A Florida congressman is looking to ensure that unions can’t offer financial incentives to recruit federal employees working for the U.S. Department of Veterans Affairs (VA).
Last week, U.S. Rep. Neal Dunn, R-Fla., introduced the “VA Workplace Integrity Act” which, he insists, will help “combat the use of financial incentives to pressure federal employees into joining unions” and protects VA employees “from undue financial manipulation stemming from labor unions.”
Dunn noted representatives from the American Federation of Government Employees (AFGE) often try to enlist new VA employees with “$100 dollars cash to join the union on the spot" which makes “it difficult for these public servants to make informed decisions about union membership.”
At the end of last week, Dunn, who served in the Army and currently sits on the U.S. House Veterans Affairs Committee, weighed in on why he had brought out the bill.
“Manipulating new federal employees at the VA to join a union with a $100 bribe as they walk in the door is unethical. Federal employees should have the freedom to choose whether or not they join a union and participate in union activities on their own accord. The undue pressure and financial commitment associated with joining a union is something that should not be taken lightly,” said Dunn.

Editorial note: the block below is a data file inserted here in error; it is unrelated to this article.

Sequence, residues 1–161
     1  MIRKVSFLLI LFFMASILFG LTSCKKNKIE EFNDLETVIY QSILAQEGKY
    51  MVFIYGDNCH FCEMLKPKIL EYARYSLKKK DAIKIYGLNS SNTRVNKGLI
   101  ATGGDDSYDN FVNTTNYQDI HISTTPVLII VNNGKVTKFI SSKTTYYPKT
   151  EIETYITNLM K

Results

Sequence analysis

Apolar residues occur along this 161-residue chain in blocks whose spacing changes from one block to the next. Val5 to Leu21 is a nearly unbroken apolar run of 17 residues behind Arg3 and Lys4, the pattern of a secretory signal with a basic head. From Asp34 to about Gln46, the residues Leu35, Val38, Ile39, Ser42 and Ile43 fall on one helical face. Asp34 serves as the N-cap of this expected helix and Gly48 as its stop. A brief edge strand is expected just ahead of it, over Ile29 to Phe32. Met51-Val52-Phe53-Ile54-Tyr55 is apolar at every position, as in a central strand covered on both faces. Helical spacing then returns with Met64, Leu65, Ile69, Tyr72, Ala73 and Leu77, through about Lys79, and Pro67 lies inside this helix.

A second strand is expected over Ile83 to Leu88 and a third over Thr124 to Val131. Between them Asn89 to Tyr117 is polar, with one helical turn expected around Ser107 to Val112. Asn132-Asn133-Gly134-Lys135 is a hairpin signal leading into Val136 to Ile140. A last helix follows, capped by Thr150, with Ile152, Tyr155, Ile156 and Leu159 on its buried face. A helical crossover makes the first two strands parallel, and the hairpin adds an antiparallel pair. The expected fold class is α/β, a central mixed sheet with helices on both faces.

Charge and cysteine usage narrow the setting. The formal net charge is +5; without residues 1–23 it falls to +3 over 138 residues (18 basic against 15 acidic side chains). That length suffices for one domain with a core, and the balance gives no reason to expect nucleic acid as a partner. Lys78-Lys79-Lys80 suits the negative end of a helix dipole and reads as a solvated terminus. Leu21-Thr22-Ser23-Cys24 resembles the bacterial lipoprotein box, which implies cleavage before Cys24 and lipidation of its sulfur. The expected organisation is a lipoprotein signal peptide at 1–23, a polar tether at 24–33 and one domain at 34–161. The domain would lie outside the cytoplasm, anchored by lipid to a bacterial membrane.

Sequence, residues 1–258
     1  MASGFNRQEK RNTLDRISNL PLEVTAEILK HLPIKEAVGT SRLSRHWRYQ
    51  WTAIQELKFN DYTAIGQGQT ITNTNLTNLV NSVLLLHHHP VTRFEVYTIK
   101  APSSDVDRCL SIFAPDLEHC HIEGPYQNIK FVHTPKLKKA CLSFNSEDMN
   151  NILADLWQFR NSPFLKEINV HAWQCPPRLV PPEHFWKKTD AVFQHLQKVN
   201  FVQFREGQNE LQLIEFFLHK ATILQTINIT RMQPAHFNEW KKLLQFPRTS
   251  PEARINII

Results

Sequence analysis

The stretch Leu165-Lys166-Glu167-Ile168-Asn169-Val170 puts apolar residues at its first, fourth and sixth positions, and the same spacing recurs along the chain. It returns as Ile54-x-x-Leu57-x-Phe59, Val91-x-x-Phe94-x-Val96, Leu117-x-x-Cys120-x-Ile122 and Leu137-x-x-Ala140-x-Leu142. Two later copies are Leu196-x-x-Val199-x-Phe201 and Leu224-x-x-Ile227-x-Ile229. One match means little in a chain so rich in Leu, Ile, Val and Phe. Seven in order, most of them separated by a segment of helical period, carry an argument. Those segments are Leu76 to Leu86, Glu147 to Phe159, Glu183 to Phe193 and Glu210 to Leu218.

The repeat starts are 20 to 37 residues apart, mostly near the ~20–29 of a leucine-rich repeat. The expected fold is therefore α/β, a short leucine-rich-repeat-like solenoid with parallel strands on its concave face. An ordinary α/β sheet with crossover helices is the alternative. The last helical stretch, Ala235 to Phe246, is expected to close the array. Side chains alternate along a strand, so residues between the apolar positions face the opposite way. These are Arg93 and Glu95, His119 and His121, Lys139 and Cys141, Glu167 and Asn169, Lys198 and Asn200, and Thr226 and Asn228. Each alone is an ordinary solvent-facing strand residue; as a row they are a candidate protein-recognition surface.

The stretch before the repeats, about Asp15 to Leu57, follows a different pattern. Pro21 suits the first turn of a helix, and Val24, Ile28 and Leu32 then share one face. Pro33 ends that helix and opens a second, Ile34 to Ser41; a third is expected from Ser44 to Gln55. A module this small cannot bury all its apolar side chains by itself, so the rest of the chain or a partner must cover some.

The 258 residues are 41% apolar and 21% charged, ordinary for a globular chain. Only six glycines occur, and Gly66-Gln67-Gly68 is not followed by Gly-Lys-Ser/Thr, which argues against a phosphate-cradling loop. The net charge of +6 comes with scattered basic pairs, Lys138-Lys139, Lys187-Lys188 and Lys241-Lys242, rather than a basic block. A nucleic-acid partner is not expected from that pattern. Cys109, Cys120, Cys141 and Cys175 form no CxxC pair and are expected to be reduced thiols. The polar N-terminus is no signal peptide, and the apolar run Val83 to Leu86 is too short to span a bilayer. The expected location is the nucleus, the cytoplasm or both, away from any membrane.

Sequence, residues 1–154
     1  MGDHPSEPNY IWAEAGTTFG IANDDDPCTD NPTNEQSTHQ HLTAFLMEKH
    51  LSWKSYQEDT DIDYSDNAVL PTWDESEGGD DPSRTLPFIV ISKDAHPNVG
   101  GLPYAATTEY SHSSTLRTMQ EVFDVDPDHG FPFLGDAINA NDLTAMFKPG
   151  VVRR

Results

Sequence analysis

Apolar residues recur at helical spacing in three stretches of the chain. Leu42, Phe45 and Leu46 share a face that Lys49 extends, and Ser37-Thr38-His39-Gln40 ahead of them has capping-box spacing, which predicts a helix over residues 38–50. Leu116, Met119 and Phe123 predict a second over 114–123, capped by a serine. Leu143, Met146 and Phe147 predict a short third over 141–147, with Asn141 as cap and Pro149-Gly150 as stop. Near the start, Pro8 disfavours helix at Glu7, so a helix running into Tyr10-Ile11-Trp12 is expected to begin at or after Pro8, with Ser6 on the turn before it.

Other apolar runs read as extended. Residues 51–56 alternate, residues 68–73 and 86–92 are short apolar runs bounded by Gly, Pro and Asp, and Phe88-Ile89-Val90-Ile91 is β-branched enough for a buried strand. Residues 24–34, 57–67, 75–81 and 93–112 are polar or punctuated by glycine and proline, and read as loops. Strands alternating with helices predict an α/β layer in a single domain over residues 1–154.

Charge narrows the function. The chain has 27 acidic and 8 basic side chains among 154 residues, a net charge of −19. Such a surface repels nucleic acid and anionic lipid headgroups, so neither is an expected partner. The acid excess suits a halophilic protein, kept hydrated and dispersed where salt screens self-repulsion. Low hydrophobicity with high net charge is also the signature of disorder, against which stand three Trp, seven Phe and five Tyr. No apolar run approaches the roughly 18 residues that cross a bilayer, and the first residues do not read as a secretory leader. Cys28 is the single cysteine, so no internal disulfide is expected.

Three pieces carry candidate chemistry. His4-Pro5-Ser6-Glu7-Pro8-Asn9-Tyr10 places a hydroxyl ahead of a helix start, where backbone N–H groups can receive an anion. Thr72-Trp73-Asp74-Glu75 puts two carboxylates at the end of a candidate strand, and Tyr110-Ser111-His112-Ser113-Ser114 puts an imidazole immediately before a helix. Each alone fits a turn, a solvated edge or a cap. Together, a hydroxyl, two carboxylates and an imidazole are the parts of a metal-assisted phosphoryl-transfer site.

“This legislation will prohibit the practice of using financial incentives to secure new memberships, allowing employees at the VA the time and space to make an independent decision on their individual union participation,” Dunn added.
Dunn reeled in U.S. Rep. Joe Wilson, R-SC, to cosponsor the proposal.
“I am grateful to support Representative Neal Dunn, who has taken a leadership role on behalf of American workers, as an original cosponsor of the VA Workplace Integrity Act. Veterans Affairs employees should not be pressured by financial incentives to join labor unions, this inappropriate practice must end,” said Wilson.
While he has not signed on as a cosponsor, U.S. Rep. Phil Roe, R-Tenn., who leads Republicans on the Veterans Affairs Committee, said he backed the proposal.
“It is shocking to learn that AFGE offers VA employees $100 in cash during new employee orientation if they agree to join the union on the spot. Rather than trusting VA employees to make decisions for themselves on the basis of facts, AFGE uses financial manipulation to strong-arm them instead. That is ethically questionable at best and I applaud Dr. Dunn for introducing the VA Workplace Integrity Act today to put a stop to it,” said Roe.
Last month, Dunn wrote U.S. VA Sec. Robert Wilkie on the matter, calling on him to look into AFGE’s efforts.
The bill was sent to the Veterans Affairs Committee last week. So far, there is no counterpart over in the U.S. Senate.